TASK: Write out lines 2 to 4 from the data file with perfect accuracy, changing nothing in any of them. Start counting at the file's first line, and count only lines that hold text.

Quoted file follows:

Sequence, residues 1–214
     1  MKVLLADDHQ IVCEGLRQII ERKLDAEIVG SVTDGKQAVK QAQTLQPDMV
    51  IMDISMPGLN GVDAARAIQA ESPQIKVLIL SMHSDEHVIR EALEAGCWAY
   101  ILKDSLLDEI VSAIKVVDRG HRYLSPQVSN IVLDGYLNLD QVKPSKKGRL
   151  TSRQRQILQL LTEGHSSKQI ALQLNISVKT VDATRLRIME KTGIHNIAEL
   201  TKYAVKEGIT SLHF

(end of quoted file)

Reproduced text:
     1  MKVLLADDHQ IVCEGLRQII ERKLDAEIVG SVTDGKQAVK QAQTLQPDMV
    51  IMDISMPGLN GVDAARAIQA ESPQIKVLIL SMHSDEHVIR EALEAGCWAY
   101  ILKDSLLDEI VSAIKVVDRG HRYLSPQVSN IVLDGYLNLD QVKPSKKGRL